Thursday, September 27, 2007

On "Ungroup The Koreans"

Last week's Weekly Sillimanian featured an article on their "Kipin' It Real" section entitled "Ungroup The Koreans." Written by Suthai G. Katima, it has created a lot of flak from, you guessed it: Koreans. I'm reprinting the article in full from the online edition of the Sillimanian.

Most of them are white, chinky, and all of them come from South Korea. If you guessed who I'm talking about then you're a genius. South Koreans are all over the place! Just when I thought we had enough of them a few years ago, now Dumaguete City is starting to look like a Korean Colony.

I prefer to call them just plain Koreans like most of us do because those North Korean communists don't even exist outside their own country, and to my observation, their country is like a gigantic, high-security prison. I would seriously freak out if I see a North Korean walking down the streets of Dumaguete City. How often does that happen?

Obviously, Koreans come to the Philippines to study English. This country is the sole provider of competitive English Education in South East Asia. Not to forget, it's very affordable, and Silliman is one of the well known universities when it comes to English. Sounds cool doesn't it? But do you see a significant improvement in the Korean's ability to speak English? Personally, I haven't. There are Korean students who have been here in Silliman for more than two years, and still their English is the same as before.

It's pretty obvious, but people hardly notice. Koreans have a hard time communicating and holding a conversation with their surroundings and I haven't seen a decent Korean student get better in English, despite all the education that person is getting. And so we ask, "What gives?" There is nothing wrong with the English education that Silliman provides them. It's the Sillimanians that are holding them back. That's right, "us".

This is the reason why Koreans prefer to group together rather than playing around with their new Filipino friends. Its not that they make it hard for us to understand them, we make it hard for them to understand us. And because of this, they lose confidence in communicating with us and stick to the group where communication is not an inconvenience. We should not forget that we Filipinos have English as our second language. We know it better than Koreans do. So in general, it is us who should accommodate them.

One of the main reasons why Koreans don't improve their English is they never put it into real life practice. If Koreans continue to stick together and speak Korean, when will their English get better? But it's because we don't accommodate them in our society that they group together in the first place! So I think you're getting the idea on what solutions can be applied. Well, one solution would be to (Drum roll please) UNGROUP THE KOREANS!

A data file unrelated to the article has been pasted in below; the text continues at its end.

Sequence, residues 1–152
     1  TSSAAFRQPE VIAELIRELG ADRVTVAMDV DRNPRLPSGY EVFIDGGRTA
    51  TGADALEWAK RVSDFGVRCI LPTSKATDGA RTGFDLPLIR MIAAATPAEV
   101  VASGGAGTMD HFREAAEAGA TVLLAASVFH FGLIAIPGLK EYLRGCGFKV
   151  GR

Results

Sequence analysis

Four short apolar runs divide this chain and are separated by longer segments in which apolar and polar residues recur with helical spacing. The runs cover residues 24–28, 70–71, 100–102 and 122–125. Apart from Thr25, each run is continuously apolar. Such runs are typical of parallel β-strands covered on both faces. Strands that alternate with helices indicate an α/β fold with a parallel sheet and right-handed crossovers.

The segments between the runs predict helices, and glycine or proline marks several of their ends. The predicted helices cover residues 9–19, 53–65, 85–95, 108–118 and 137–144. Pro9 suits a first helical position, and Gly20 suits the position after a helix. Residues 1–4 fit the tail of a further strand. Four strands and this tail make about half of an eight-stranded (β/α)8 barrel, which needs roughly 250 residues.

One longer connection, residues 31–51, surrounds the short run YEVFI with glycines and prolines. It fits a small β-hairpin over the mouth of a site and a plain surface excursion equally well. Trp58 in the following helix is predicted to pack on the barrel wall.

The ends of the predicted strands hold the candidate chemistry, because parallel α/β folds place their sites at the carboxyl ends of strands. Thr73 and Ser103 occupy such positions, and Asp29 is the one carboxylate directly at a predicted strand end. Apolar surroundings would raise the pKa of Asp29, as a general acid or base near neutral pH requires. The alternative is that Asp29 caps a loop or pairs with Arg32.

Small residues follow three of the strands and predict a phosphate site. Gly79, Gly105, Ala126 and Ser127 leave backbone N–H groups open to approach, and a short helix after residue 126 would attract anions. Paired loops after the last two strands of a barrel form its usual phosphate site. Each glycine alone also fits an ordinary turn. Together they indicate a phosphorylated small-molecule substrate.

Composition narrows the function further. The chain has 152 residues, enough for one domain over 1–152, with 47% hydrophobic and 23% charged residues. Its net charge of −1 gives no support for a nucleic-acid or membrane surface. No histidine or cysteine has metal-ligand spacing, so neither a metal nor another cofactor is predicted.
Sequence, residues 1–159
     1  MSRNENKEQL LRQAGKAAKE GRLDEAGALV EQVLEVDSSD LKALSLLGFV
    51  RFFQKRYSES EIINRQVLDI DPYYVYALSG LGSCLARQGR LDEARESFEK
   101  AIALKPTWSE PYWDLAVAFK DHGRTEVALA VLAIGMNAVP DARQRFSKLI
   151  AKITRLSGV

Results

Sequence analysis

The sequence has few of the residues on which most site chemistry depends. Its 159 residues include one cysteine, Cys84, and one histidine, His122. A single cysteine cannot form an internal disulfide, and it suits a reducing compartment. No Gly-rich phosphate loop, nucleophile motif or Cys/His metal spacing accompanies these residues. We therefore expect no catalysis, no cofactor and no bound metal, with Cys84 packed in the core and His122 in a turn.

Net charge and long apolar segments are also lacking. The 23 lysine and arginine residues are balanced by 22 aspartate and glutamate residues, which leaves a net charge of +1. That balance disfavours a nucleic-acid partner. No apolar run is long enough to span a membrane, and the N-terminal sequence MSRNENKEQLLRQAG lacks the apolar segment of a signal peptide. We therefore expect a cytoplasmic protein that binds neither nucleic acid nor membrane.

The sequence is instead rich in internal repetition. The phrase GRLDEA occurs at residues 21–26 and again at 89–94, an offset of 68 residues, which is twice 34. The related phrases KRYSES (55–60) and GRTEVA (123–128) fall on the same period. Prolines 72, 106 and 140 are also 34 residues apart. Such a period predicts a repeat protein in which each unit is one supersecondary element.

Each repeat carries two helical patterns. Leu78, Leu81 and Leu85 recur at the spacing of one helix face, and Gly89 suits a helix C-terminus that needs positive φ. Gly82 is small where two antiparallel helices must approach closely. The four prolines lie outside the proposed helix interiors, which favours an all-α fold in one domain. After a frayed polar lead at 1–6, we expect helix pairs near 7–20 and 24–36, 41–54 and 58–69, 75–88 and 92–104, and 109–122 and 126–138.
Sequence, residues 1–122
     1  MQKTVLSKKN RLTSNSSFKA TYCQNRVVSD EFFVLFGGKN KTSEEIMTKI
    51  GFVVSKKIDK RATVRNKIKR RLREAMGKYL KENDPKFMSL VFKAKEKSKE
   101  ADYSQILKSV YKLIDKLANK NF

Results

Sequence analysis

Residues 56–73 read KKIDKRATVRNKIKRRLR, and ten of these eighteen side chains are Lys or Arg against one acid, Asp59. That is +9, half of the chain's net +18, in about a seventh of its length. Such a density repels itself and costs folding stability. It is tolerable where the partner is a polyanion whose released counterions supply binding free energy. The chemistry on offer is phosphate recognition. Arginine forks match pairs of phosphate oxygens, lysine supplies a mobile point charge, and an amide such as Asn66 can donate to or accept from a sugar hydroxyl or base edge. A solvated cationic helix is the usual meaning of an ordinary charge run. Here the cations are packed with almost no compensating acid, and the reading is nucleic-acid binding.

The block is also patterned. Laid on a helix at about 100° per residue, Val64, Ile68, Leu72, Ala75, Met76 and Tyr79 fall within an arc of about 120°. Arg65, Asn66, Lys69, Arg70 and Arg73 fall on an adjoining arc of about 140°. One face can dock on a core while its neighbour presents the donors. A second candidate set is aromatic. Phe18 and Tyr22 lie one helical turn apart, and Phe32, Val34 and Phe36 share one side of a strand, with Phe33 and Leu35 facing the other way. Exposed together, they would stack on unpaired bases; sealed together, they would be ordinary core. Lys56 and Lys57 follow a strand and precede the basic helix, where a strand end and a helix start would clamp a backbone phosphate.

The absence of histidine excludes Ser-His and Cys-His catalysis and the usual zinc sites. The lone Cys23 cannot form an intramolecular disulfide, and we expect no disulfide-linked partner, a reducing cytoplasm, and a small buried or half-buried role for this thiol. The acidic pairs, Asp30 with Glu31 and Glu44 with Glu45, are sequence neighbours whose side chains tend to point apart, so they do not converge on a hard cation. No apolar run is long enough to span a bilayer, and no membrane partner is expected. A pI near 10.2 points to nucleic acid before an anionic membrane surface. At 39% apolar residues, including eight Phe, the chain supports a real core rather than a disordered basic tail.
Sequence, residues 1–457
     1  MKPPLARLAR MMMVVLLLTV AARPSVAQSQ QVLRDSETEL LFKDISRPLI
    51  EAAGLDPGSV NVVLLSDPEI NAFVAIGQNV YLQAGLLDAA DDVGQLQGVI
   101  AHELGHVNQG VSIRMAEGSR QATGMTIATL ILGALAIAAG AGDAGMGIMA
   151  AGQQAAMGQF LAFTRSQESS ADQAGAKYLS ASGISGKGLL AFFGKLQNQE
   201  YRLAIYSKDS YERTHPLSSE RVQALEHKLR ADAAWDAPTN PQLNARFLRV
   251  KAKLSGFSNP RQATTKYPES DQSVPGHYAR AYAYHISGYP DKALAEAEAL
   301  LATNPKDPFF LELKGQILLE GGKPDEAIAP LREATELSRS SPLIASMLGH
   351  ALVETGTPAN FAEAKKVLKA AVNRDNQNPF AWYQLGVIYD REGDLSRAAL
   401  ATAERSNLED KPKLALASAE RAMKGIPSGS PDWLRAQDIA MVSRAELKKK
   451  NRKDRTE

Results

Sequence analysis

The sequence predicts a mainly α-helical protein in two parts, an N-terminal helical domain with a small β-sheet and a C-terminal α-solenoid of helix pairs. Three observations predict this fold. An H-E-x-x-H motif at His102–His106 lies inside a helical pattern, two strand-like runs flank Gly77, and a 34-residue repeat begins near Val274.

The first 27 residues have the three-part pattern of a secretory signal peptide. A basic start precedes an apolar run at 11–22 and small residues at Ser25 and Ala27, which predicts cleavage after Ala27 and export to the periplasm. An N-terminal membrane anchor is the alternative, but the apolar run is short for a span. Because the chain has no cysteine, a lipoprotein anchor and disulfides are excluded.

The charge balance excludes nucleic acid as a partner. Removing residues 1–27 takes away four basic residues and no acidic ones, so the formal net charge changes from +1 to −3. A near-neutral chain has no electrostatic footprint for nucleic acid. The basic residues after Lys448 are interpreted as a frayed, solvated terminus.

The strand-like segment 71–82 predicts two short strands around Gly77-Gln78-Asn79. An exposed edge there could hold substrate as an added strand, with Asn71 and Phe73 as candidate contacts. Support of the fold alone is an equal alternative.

By ungrouping and getting them to mingle with us more, they are obliged to use whatever English they know. By being more accommodating, and making them feel comfortable with us, their Korean-group-together will be out of their daily routine. It's like breaking up NSYNC and making them all go solo. It's easy. Do you have a Korean friend? Well then, quit ignoring that person and start talking to him/her. Invite that Korean for lunch with your Filipino friends, and any other activity you have. Don't forget, we're the host, and they're the guests. And in Filipino culture, that means so much more than simply smiling and saying hi.

Fellow students tend not to bother with them because it's a hassle in creating mutual understanding. But how would you feel if you were treated the same way in their country? And mind you, there aren't a lot of Filipinos in South Korea. Learning English in Silliman is just half of the process. Putting it to use is the other half. And yes, WE are the other half. By welcoming them to our society and by encouraging them to play with us more, they will become more confident and definitely improve their English.

Actually, we tend to be intimidated by the Koreans when in fact they are more intimidated by us. We know English, and they don't. So why don't we all share the wealth, and be one big happy family? Having a Korean as a friend can be very rewarding. The sharing of culture and traditions is a wonderful experience. Silliman being branded as a Korean refugee camp isn't a bad thing after all. At least they help improve our economy, and by giving them a pleasant experience, we might just put the Philippines back into the map again. So let’s get on the challenge: Ungroup the Koreans!

A Korean student's reaction in this week's edition will follow.

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